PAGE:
December 6, 2018

DECEMBER 6 - DAILY CHRONICLES OF HISTORY

DECEMBER 6

1846

Henryk Jarecki (dob) was a Polish composer, conductor and teacher.  He came from a family of musicians and received his first instruction from his father, Jozef Jarecki, then with J. Meller. He pursued formal studies at the Institute of Music in Warsaw where he studied the piano, double-bass and composition, but his name did not appear in any of the graduate lists. For eight years,  Henryk was Stanisław Moniuszko's favorite and outstanding student, who showcased the youth's work in many of his concertos. He played in Paris (December 1882) one of his own works, the overture to Balladyna (with the orchestra Pasdeloup). In March 1883 he returned to the Skarbek Theater having been appointed by the new director J. Dobrzański.  He performed premieres of his operas and of many other works there. Both at the opening concert of the Polish opera in Lviv and after 28 years at the farewell performance, Henryk Jarecki presented himself in a dual role as a composer and conductor. In 1902, Henryk Jarecki was the second conductor in the Lviv Philharmonic alongisde Ludwik Czelański. But after two weeks, Jarecki fell ill due to the many years of exhausting work in the theater, forcing him to resign from his position. From then on he conducted only occasionally with his own works, such as Oda to his youth (1904) concert for the fund for the construction of the Adam Mickiewicz monument), Rapsodem warnym and Pneumella (1905).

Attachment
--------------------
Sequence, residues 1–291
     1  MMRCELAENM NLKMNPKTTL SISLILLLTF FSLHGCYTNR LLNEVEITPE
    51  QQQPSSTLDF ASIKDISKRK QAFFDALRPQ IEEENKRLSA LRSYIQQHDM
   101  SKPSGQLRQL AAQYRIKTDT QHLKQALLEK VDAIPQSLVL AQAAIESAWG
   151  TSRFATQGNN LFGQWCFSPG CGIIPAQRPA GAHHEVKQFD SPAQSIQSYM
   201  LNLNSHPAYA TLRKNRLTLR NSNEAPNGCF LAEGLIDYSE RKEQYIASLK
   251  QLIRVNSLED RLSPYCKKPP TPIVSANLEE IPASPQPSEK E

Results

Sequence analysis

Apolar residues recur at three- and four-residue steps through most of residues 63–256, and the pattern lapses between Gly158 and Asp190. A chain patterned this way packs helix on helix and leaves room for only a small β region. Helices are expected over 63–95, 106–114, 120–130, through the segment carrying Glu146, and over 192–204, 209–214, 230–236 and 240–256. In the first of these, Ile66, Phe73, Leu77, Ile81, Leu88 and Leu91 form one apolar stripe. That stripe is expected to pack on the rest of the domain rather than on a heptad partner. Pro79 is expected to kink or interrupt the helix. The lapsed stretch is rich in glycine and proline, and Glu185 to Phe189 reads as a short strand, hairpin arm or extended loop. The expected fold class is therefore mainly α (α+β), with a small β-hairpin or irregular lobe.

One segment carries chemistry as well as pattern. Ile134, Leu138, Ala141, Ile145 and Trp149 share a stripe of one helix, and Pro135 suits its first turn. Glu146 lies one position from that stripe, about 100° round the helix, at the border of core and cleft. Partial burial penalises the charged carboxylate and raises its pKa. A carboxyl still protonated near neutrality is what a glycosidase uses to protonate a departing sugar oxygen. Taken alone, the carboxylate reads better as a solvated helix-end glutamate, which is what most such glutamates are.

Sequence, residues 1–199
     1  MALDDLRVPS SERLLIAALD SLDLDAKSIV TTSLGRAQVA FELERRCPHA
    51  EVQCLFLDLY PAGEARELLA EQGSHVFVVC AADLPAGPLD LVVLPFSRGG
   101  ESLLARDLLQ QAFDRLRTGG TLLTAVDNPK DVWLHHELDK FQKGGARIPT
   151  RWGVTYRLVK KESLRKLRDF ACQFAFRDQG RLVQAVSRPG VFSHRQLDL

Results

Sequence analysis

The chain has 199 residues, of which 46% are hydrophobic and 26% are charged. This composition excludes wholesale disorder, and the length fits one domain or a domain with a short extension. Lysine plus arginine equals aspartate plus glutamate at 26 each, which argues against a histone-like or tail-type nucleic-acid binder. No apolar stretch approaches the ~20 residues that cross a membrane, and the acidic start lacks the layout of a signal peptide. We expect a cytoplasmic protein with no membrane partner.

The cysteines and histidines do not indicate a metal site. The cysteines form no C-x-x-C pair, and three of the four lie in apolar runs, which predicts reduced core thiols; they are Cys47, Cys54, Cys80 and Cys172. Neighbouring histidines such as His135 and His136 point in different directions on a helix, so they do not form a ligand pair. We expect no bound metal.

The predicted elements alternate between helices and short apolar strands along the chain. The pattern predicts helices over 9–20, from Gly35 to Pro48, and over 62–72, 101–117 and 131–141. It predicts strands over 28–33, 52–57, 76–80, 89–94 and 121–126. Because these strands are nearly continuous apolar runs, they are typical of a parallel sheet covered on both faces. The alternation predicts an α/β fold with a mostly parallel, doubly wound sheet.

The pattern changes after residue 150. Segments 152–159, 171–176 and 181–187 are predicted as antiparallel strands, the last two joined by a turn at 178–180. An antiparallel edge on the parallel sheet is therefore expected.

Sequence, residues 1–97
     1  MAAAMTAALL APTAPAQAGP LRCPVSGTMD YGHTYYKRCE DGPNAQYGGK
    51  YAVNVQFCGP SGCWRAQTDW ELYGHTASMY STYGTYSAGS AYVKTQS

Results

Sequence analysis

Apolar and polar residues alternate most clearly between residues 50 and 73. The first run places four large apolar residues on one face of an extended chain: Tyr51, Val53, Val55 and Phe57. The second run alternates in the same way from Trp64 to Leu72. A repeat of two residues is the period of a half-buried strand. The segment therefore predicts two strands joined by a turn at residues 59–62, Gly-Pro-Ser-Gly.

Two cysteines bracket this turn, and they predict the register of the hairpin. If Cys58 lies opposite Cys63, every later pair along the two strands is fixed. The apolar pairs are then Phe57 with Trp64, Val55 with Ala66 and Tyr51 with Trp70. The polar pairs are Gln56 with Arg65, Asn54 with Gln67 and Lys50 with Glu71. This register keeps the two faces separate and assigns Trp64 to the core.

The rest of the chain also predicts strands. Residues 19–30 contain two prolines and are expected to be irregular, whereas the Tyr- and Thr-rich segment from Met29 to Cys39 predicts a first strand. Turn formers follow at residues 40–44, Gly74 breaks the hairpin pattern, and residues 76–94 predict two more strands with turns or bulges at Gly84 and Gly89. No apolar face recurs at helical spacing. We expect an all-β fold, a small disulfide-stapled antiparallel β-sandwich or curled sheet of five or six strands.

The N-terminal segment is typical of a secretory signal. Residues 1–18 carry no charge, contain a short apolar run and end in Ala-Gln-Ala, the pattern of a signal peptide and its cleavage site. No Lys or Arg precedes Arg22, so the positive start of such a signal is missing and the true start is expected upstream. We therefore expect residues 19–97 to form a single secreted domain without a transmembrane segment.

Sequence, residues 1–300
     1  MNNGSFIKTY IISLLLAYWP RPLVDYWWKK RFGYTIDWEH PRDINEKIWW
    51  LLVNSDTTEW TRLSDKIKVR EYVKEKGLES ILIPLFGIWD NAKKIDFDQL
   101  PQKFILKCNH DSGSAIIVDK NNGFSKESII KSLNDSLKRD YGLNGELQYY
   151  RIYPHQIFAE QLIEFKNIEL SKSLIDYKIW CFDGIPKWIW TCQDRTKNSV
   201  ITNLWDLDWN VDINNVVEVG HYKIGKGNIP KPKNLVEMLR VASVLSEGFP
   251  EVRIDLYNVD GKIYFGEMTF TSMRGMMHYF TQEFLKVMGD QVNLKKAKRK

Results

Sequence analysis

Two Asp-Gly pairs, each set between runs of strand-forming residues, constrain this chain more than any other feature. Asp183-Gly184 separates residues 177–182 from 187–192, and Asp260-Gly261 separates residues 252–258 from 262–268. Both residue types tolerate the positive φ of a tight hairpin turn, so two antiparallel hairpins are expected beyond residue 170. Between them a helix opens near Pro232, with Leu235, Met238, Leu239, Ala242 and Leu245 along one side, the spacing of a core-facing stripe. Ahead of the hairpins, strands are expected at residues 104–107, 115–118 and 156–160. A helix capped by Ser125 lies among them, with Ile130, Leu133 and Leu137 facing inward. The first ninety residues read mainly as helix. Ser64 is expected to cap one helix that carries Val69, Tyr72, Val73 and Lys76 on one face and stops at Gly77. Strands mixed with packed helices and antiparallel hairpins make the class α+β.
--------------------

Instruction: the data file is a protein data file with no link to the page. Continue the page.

1942

Operation Oyster was a bombing raid launched by the RAF on December 6, 1942 on the Philips Works at Eindhoven, Netherlands. The manufacturing plant was a major producer of electronics equipment, that included vacuum tubes for radio communication. In 1940, prior to the Battle of the Netherlands,  Philips had become a leading research firm in infrared and radar technology.  The allies planned a daylight raid in order to insure accuracy and minimize casualties among the Dutch citizens. Medium bombers of 2 Group were given the task of dropping the bombs, while a series of diversionary raids were underway to draw German defenses astray.  It was the largest and most successful raid conducted by 2 Group during the war.


1953

Konstanty Ildefons Gałczyński was a Polish poet and well known for the "paradramatic" absurd humorous sketches of the Green Goose Theatre.  Gałczyński's poetry is an inspiration to many authors of popular music. They were used by Olga Lipińska in her TV cabaret among others. At the time of the People's Republic of Poland, his poem Beloved Country (Ukochany kraj) was made into a socialist feel-good song. A musical, Beloved Country, was directed by Janusz Józefowicz at Studio Buffo musical theatre.  Gałczyński was portrayed in the book The Captive Mind (Zniewolony umysł) by Czesław Miłosz; he is Delta.  When WW2 broke out,  Gałczyński received a draft card from the Polish army. He fought during the September Campaign.  On September 17, 1939, he was captured by the invading Russians and imprisoned; he later was captured by the Nazi Germans and spent the remainder of the war in Stalag XI (a POW camp in Altengrabow). Meanwhile he printed his poems secretly. After the war he travelled to Brussels and Paris, and returned to Poland in 1946. He founded The 13 Muses Club in Szczecin in 1948 before moving back to Warsaw, and produced work for many weekly magazines.  He passed away on December 6, 1953 from a heart attack. His name is commemorated - since 1998 a biennial poetry competition has been held in Szczecin, named Gałczynalie in honour of the poet. A Green Goose foundation was formed in Warsaw in September 2007.


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